As the plane starts its descent into Halifax, my seat mate and I put down our books and start chatting. By the time we land in her hometown, she insists that her sister will be delighted to drive me to my hotel. And, well, she is.
Looks like I’ve made a new friend on the way to see some old ones in Halifax. This is my first trip to the city in a couple of decades and I am looking forward to revisiting a little of my own history while soaking up the city’s.
Back in the summer of 1749, as Nova Scotia’s first governor surveyed the panoramic views from the top of what is now the Halifax Citadel National Historic Site, Edward Cornwallis saw military advantage. The hill would be a good place to keep tabs on rivals at France’s Fortress of Louisbourg up the coast.
Today, if Cornwallis were to join the throng of tourists at the top of the Citadel, along with being perplexed by the ubiquitous selfie, he’d no doubt be impressed by the tangle of construction cranes putting up big shiny buildings in between the little historic ones.
The town that Cornwallis started with 2,500 settlers and a tally-ho from the British government is now at about 400,000, and growing. Halifax is undergoing a development boom, one that is mixing in the new with the old, making and re-making history before our eyes.
My brand-new friend and her accommodating sister drop me off at the Courtyard Halifax Downtown. The hotel features the same blend of old and new you see everywhere here. While I wait for the elevator, I check out displays of 18th-century artifacts that were found on the site when the hotel was built in 2007.
A short walk up from the Marriott is a row of pubs and shops on Argyle Street I remember well from my last visit, when I was in my mid-twenties. I drop by one of them, The Carleton, and take in the old brick and new music while, just across the street, construction crews are building what will be a gleaming hotel and convention hub, the Nova Centre, slated to open in 2017.
There seems to be as many guys wearing hard hats in downtown Halifax as there are students walking to and from the city’s six universities. I asked one of the construction workers, a guy about my age (so, not quite as old as Cornwallis, but close), what had happened to the legendary Halifax bar and stage where I once saw Matt Minglewood play. “Ah, the Misty Moon,” he says. “It’s a sports bar now.” Our brief, middle-aged exchange takes about as long as the last 25 years seemed to.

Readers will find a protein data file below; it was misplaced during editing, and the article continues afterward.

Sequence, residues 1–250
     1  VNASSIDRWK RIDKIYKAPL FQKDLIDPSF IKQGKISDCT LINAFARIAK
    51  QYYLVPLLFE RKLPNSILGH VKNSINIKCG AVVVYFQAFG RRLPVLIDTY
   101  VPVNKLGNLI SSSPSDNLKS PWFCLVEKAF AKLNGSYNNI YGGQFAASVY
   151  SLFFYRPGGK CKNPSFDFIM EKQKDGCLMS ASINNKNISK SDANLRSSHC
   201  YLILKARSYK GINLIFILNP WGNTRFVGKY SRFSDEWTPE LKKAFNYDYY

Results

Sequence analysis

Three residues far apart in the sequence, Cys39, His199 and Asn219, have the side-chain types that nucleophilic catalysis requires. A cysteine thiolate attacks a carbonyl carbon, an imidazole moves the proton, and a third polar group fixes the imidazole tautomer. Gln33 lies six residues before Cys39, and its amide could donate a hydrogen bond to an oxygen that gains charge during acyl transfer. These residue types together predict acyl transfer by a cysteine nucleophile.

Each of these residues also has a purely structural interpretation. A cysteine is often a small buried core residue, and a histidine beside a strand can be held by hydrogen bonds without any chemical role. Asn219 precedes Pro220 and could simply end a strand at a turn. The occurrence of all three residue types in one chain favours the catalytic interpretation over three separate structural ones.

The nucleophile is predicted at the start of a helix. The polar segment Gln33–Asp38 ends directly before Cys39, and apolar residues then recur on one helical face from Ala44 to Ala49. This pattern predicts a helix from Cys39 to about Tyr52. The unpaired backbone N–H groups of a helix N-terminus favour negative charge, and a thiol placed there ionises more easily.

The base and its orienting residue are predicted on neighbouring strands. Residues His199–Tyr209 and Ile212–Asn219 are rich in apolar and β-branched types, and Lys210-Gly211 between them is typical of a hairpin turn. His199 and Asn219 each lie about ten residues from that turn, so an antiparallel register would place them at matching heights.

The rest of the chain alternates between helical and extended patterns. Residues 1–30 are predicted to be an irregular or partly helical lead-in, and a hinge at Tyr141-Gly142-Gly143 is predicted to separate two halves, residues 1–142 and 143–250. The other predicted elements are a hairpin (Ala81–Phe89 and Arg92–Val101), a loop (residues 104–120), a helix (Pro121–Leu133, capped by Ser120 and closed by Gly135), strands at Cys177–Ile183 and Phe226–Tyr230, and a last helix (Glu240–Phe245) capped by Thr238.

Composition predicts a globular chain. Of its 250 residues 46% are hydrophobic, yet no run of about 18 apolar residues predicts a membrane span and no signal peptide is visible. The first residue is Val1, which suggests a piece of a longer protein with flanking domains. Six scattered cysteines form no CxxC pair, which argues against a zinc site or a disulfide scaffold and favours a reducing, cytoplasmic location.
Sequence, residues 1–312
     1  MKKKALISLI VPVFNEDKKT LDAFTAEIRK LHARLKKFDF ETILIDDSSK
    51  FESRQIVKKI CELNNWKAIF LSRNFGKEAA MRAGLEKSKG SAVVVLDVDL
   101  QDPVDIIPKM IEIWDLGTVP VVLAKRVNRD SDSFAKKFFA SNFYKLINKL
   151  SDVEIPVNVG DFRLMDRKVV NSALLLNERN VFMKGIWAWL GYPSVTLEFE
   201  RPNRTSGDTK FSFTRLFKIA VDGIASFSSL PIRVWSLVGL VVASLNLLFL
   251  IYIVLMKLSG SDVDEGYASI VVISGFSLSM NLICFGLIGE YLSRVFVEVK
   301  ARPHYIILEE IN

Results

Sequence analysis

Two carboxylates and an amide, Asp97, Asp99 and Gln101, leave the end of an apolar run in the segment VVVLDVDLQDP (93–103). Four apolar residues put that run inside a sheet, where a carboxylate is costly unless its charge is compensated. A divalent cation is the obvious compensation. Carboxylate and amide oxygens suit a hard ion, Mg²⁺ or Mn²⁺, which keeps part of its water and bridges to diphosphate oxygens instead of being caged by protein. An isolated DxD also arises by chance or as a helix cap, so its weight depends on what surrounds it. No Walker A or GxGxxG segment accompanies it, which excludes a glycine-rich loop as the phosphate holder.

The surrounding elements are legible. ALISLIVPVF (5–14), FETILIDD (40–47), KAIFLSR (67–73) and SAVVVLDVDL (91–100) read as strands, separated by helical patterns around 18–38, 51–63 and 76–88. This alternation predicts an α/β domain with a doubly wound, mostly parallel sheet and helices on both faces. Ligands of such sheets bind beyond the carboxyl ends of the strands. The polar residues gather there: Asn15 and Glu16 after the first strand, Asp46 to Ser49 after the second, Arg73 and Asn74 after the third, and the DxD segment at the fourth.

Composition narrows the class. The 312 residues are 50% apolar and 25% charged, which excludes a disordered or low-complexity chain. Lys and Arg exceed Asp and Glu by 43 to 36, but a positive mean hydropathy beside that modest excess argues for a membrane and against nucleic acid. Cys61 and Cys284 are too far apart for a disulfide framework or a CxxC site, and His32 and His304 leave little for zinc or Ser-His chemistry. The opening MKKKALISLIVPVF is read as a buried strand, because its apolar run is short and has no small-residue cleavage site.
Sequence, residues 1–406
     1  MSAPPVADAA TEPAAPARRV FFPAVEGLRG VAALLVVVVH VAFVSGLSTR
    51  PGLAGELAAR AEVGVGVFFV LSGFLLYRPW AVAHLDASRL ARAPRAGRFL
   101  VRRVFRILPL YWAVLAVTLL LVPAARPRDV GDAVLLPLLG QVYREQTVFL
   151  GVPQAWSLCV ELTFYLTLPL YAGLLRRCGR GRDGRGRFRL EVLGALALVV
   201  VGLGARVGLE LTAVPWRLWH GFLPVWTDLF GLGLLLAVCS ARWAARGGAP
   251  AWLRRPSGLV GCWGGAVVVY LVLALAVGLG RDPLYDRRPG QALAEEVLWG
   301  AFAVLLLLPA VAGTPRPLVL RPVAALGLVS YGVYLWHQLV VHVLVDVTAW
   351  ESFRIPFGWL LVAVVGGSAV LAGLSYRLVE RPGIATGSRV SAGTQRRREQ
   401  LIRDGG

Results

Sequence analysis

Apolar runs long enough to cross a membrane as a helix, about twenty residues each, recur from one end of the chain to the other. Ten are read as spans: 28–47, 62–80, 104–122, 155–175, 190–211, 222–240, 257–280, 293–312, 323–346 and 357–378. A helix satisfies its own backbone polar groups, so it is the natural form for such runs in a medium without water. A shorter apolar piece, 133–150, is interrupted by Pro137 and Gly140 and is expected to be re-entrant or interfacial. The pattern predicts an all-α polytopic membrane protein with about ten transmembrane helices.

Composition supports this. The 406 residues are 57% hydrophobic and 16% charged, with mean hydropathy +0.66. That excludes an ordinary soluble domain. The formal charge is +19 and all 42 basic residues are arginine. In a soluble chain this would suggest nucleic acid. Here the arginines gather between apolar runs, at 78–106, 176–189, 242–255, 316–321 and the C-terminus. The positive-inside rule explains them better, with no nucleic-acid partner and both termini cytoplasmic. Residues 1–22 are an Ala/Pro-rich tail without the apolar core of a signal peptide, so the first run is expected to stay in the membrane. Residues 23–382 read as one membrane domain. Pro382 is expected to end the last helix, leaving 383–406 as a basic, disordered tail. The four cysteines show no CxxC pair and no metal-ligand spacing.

An old friend and I go for dinner at Two Doors Down on Barrington Street, feasting on a fair share of “remember whens” along with seasonal and locally sourced cuisine. My walk down memory lane continues on Spring Garden Road where, as a kid, I spent a week visiting my beloved great uncle who lived across the street from the Victorian-era Halifax Public Gardens.
A learned man, my great uncle would no doubt approve of the brand-new Halifax Central Library that just opened down the street—a bold and boxy glass design that is, perhaps appropriately, right next door to the old stone columns and red brick of Dalhousie University’s Faculty of Architecture building, completed in 1909.
Back at the hotel, I head to the Harbourview Terrace to enjoy a glass of wine, a spectacular view of the water and the steady parade of people wandering up and down the harbour.
But the waterfront isn’t just for tourists. Okay, maybe the couple dressed in period costume and singing old maritime ballads is, but a few folks are fishing, art students are going to class at the Nova Scotia College of Art and Design and other locals are just out for a walk or run along the water.
They’re also going out for dinner at The Bicycle Thief in Bishop’s Landing, a waterfront development chockablock with trendy boutiques and restos. The night I tuck into lobster ravioli (outstanding) and amaretto tiramisu (no words), there is a middle-aged couple in front of me celebrating a wedding anniversary and a young couple next to me that won’t make a first anniversary unless he learns to put his phone away. I was about their age the last time I was in Halifax, when dates actually talked to one another instead of texting during dinner.
Back then, people called the city across the harbour “Darkness.” Now, Dartmouth, a former city that is now part of the Halifax Regional Municipality, is more commonly referred to as “savvy real estate investment.” A slick new condo development right on the water, King’s Wharf, is spurring growth and gentrification—that, and croissants.
Perhaps as important to Dartmouth’s emergence as cool, is the Two If By Sea Café. The spot is “proudly Dartmouth” and, well, pretty delicious. I pick up a “croissant of the week”—which is big enough to last you almost that long—that is stuffed with heirloom tomatoes, fresh basil and provolone.
It costs $2.50 to take the ferry across the harbour. If you stay in Dartmouth less than an hour, your transfer will get you back to Halifax for free, but don’t rush. You can walk off the croissant and coffee by heading up Ochteronley to watch people rowing on Banook Lake or wander toward the bridge to see pretty streets getting prettier. Or just throw back some Chocolate Tofu Pie at The Wooden Monkey next to the ferry.
As I enjoy the all-natural sugar rush (there’s no refined sugar mixed in with the tofu), I think about how fast the last quarter century has slipped by.
But I feel like a young ’un as I look across the harbour at the Halifax waterfront and consider that it’s been more than 260 years since Cornwallis picked this spot to build a settlement because of the view.
I give the old guy a little nod for a choice well made.